‘As soon as the fresh air touched my hair I began to cry’ …and your point is?

Browsing the Guardian web site earlier this week, I came across a picture of four hijabis*. I don’t know what it is about me, but as soon as I see a veil / headscarf / bearded bro / muslimah / anything related to Islam / Muslims – I can’t help but click on the link. Often, I am faced with another damning article about how unjust Islam is as a religion; but this article wasn’t so much damning, as it was pointless. The article, written by one Fadia Faqir was about a feud that took place between her and her father twenty-three years ago. The clash was as a result of her refusal to wear the veil.

Is it me or has the media become obsessed with telling a tale about how much young Muslim women suffer because of the veil? Every community has their troubles, but by concentrating on this issue yet again the media blinds itself with a fallacy that somehow Islam condones the forcing of the veil – it does not. While I recognise that there is a problem in the Muslim community surrounding the veil (wear it / don’t wear it), I don’t think this article had any purpose behind it whatsoever. There are instances where Muslims are unable to practice their religion as they see fit, because it is socially unacceptable, but then no one really focuses on that story – because in the end, dirt sells. And what could be more interesting than getting your hands muddy in the apparent grim, dark waters of Islam? The issue of being forced to do anything should be tackled by acknowledging the root cause of that problem – and in this case, what Fadiq experienced was a cultural problem and not a religious one. Forgive my whiny approach to this, but I could not see the purpose of this article.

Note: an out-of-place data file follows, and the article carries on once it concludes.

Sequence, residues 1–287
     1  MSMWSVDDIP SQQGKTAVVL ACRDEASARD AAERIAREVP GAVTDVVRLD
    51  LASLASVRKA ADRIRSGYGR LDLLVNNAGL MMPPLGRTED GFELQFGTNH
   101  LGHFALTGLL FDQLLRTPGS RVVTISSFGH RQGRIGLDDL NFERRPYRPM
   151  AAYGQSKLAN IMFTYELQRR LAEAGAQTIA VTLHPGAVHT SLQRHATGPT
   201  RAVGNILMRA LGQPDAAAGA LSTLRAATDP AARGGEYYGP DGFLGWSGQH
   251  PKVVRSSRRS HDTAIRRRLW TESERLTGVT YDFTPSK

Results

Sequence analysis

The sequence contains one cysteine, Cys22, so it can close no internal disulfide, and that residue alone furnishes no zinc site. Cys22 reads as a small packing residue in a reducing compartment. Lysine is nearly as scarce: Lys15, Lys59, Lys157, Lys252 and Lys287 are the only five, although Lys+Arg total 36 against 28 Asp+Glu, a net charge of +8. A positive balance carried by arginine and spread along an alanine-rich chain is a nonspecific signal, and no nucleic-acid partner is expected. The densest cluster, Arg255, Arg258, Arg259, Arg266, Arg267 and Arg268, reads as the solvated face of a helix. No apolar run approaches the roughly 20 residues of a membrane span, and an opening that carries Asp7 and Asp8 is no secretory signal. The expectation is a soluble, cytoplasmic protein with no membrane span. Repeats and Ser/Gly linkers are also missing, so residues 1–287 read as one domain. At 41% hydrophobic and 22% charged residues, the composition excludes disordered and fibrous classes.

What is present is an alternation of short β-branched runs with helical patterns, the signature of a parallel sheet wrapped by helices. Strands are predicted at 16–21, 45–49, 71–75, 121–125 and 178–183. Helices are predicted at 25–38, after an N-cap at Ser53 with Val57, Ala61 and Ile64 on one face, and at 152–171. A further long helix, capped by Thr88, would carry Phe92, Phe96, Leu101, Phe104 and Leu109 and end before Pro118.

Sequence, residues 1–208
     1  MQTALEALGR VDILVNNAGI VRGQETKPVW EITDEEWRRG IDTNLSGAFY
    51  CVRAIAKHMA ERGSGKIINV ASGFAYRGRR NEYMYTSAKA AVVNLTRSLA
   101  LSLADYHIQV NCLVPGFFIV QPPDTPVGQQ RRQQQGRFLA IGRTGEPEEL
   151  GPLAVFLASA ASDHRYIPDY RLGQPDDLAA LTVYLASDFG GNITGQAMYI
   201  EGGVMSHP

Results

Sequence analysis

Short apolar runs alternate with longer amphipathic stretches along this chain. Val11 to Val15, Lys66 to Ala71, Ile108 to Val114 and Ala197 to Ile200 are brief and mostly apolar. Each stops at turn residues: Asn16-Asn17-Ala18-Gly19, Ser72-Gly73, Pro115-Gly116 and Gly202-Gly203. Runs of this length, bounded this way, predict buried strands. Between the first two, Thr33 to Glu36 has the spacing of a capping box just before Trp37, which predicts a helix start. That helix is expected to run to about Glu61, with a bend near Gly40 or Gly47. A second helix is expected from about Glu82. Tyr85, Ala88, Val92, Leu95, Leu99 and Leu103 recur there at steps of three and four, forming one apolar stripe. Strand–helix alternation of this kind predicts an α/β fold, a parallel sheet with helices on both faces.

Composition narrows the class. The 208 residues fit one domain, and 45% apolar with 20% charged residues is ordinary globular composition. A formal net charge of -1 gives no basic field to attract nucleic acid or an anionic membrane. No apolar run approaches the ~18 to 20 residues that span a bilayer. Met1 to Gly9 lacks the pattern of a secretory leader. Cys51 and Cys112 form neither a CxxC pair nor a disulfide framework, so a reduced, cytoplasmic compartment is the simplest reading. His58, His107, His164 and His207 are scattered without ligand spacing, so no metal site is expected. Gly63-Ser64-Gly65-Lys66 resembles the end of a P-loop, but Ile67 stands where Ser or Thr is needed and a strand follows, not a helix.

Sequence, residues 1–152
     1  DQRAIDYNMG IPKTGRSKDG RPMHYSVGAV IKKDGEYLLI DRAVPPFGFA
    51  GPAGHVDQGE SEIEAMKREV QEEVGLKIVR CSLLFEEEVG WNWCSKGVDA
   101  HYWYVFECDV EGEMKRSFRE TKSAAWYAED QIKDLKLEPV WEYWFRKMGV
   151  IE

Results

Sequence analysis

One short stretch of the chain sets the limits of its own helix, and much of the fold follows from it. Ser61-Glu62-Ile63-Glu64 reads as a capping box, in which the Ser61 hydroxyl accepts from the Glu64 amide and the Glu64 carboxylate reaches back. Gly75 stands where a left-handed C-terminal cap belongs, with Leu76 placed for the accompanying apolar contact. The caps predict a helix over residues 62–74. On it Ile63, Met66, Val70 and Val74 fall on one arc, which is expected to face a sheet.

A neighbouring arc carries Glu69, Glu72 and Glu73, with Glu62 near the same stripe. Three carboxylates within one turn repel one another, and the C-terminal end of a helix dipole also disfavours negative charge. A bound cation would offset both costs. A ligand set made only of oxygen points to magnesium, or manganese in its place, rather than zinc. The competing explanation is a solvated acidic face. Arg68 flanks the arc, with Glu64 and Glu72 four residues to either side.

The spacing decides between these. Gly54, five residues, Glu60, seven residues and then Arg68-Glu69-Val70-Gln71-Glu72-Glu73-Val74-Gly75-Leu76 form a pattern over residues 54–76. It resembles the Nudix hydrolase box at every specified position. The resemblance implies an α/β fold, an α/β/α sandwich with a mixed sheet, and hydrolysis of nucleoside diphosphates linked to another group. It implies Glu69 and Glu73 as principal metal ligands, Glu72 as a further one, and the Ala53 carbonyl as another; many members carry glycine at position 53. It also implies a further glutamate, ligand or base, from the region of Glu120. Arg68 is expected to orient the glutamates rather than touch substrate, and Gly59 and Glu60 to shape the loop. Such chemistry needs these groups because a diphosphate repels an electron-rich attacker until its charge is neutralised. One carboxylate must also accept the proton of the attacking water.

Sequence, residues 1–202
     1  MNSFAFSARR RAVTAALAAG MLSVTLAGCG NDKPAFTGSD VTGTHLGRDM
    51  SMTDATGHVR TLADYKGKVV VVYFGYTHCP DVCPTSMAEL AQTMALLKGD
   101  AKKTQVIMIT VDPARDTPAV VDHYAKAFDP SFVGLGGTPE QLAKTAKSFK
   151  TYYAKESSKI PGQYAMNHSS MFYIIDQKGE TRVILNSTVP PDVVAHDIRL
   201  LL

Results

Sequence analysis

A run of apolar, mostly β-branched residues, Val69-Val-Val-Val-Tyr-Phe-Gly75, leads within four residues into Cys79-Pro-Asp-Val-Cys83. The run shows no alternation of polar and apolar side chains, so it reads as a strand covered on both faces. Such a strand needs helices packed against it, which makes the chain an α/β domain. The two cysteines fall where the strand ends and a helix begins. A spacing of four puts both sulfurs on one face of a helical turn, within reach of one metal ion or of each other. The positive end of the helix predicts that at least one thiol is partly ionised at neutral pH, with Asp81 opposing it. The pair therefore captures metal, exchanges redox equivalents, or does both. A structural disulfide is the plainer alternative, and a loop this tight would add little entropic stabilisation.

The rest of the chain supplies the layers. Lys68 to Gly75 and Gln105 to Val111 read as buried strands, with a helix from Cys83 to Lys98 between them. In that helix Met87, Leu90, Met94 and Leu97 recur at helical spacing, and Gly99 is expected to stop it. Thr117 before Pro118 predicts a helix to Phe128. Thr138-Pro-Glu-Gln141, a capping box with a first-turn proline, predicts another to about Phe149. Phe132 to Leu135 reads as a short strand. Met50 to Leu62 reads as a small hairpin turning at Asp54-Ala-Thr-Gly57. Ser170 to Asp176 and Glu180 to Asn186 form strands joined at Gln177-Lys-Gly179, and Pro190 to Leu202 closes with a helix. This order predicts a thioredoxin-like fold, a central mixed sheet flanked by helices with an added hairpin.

Fadiq Faqir seems to have told the wrong story – I was more intrigued by the fact that she got divorced at the age of 28 and lost access to her son. I mean surely there is a lesson in that for every woman? By telling the story of yet another “free” ex-hijabi Fadia Faqir has limited her article to an audience concerned with (or not) veiling women. She has done nothing for the plight of Muslim women who are actually struggling against an injustice or for those women who are a champion of their own success (irrespective of religion). It is a shame to have read such a pointless and insignificant story this week, and that too in the Guardian.

Hijab = From the root word “hajaba” meaning partition or screening. It is often referred to as the headscarf commonly worn by Muslim women.

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1 Comment

  1. I’ve always wanted to publish an article on the guardian, but more pro-Islam, like why I want to wear the Hijab, or how I feel about being a Muslim in the West, how I feel like I don’t belong but I’m trying to. They never publish stuff like that, since I don’t get any answers when I post my articles. Not even a decent rejection letter. Anyway, seems like they’re more interested showing these kind of anti-hijab, anti-islam articles, not the other way round. Which is a shame, because there are many women like me, so they would have an audience!


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